The pandemic has left most of us hungry. We crave social contact, enriching experiences beyond our front doors and great food that doesn’t involve making it ourselves. That’s precisely why Storia Cucina should be your next destination! The new Italian eatery, designed by architect Daniel Ewald, on Bellingham’s Grand Avenue (formerly Michael’s Books), delivers a fun, casual atmosphere coupled with great food that’s reasonably priced.
Owner Jonathan Sutton left his restaurant in San Francisco to return to his Pacific Northwest roots earlier this year and planned to open Storia Cucina with Chef de Cuisine Arlen Coiley on March 18. The pandemic wreaked havoc with their opening and it wasn’t until May that they were able to begin offering a to-go program.
Last week the restaurant finally opened for indoor dining, with six tables inside and a couple on the sidewalk. It’s all ready generating buzz in the county for its cool cocktails, amazing pizzas and pastas and all-round fun environment.
First, the space is truly beautiful, with a handsome bar whose seats will be put to good use once the pandemic is behind us. A whimsical mural covers an entire wall while large images of Sutton’s niece Olive – a toddler having an amazing time with pasta – decorate the opposite wall. An open kitchen at the back of the restaurant is illuminated by a large skylight and adds a feeling of openness and transparency to the restaurant. Customers can also head next door to Thousand Acres Cider House for ciders and Storia’s pizza.
“My goal was to bring something new and affordable to the community using good quality ingredients,” Sutton confided. “That’s something chefs are battling with these days, when everyone wants things done faster and more affordably. My goal was to find great yet affordable ingredients that allow us to make beautiful food.”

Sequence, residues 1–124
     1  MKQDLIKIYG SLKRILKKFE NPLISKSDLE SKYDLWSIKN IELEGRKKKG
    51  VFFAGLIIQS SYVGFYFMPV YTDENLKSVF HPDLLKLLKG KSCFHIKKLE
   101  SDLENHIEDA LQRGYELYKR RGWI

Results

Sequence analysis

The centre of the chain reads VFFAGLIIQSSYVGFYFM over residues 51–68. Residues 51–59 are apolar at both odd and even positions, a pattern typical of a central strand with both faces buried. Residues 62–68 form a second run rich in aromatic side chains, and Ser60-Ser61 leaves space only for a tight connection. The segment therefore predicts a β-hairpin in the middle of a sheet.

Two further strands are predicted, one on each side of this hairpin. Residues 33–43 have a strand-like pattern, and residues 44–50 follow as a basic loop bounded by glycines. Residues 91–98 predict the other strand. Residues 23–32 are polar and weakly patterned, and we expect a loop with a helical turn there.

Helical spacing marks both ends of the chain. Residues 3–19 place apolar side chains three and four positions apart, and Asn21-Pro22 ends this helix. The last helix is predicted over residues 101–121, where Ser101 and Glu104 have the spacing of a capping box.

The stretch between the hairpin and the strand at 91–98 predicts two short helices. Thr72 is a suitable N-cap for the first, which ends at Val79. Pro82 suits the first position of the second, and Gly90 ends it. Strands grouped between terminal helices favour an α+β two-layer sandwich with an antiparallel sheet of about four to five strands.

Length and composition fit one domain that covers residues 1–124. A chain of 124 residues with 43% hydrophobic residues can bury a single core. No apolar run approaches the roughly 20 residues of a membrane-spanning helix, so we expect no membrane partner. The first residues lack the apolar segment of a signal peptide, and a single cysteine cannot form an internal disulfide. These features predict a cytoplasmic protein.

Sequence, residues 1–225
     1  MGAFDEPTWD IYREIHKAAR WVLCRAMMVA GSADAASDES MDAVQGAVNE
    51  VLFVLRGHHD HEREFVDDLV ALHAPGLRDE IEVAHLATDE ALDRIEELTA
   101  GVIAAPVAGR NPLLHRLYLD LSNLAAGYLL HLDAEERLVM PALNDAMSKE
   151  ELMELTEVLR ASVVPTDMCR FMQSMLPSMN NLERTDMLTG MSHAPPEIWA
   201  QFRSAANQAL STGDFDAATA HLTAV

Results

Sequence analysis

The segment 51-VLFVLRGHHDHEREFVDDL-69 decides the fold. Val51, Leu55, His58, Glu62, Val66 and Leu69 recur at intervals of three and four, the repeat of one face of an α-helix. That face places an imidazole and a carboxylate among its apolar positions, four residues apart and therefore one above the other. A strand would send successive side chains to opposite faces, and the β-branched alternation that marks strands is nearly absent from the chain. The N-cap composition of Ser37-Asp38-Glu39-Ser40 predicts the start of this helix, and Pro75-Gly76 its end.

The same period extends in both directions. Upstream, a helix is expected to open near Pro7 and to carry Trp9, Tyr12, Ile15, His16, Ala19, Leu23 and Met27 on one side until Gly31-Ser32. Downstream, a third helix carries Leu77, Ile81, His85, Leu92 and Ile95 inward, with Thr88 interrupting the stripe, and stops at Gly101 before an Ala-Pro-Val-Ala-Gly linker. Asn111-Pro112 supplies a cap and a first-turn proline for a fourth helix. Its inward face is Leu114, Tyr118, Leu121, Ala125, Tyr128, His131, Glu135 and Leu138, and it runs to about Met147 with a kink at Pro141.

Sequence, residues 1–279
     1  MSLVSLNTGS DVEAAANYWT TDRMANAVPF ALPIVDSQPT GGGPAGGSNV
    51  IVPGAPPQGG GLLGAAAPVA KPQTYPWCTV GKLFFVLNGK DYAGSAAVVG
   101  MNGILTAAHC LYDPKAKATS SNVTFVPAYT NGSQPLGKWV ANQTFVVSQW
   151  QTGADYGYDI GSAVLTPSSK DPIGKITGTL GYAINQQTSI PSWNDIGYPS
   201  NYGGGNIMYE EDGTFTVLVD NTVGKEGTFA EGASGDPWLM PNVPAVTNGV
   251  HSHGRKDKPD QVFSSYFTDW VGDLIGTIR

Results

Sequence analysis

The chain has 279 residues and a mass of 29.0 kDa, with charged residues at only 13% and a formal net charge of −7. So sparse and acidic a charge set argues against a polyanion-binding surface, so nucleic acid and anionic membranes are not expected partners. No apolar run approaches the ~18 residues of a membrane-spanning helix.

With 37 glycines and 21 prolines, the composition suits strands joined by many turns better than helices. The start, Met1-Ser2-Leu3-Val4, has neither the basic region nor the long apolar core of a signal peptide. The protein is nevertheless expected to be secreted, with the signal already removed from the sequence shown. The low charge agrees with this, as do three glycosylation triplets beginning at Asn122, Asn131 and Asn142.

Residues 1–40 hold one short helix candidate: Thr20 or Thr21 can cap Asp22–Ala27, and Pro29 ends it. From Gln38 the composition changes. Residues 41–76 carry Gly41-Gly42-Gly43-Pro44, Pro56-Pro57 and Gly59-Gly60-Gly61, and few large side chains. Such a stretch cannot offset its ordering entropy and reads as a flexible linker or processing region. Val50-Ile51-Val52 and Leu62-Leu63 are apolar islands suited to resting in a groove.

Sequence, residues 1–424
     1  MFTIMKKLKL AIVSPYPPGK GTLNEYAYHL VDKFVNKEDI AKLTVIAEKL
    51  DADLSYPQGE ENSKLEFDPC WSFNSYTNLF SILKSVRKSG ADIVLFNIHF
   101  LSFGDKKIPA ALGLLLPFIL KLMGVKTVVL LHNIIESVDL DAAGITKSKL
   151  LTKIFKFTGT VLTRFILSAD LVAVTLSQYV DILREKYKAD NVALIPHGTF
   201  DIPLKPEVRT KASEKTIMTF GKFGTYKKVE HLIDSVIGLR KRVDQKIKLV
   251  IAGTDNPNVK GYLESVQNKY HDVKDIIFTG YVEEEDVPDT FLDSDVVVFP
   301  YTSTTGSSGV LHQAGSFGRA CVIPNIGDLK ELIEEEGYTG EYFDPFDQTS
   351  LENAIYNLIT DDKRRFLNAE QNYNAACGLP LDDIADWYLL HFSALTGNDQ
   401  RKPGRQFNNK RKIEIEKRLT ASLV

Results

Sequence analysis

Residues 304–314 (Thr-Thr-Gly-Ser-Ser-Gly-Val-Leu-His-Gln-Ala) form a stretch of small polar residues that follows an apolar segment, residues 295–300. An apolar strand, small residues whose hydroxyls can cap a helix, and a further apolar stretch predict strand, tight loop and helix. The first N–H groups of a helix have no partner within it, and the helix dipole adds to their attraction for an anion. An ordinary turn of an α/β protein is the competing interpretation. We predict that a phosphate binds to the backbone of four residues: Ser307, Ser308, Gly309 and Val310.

Sutton and Coiley source their flour from Cairn Springs Flour in Skagit Valley and use it as the base for their pizzas and pastas. Mozzarella comes from Ferndale Farms, meat from Carne Meats, fresh greens from Mama Bird Farms on San Juan Island and seafood from Taylor Bay Shellfish. Sutton is especially proud of his sourdough starter, which dates back to 1971 in San Francisco and has been kept alive ever since. The yeast-free dough, made a day ahead so it can rise slowly, makes a fantastic thin-crust pizza that’s soft and filling without feeling like a stone in your stomach later.
The menu is full of comfort food: rich tomato soup meatballs, focaccia, generous one-size pizzas ($12-$17) and cool pastas like pappardelle Bolognese ($18), squid ink gnocchetti ($22) and lumache pomodoro ($14). All the pasta is made in-house and during happy hour, 3-6 p.m., you can get a $3 ‘tigelle,’ an Italian street sandwich, a $10 margherita pizza and discounts on beer, wine and other alcoholic beverages.
The chefs are also happy to offer free scarpetta. Italian for ‘little shoe,’ the scarpetta is a piece of bread you use to ‘mop’ up extra sauce left on your plate from your entrée. It’s an Italian thing, and a great way to enjoy every last bit of your meal!
We loved the marinated beets ($6) topped with pistachios and shaved radish, and relished the soft texture of the margherita pizza, made with san Marzano tomatoes. Our cacio e pepe, a bucatini pasta with pecorino, was a testament to how great a simple dish can be when it’s well made. Handmade, the bucatini pasta is a hundred times better than any store-bought pizza and in a category all of its own.
Transforming the old Michael’s Books space into Storia Cucina was an effort build on friendship and trust. Sutton is an accomplished ceramist whose beautiful, handmade candle votives, milk jugs, cups and saucers are used by guests. His ceramics teacher, Pinkney Templeton, created the mural on the interior wall while Coiley and his father took care of the carpentry.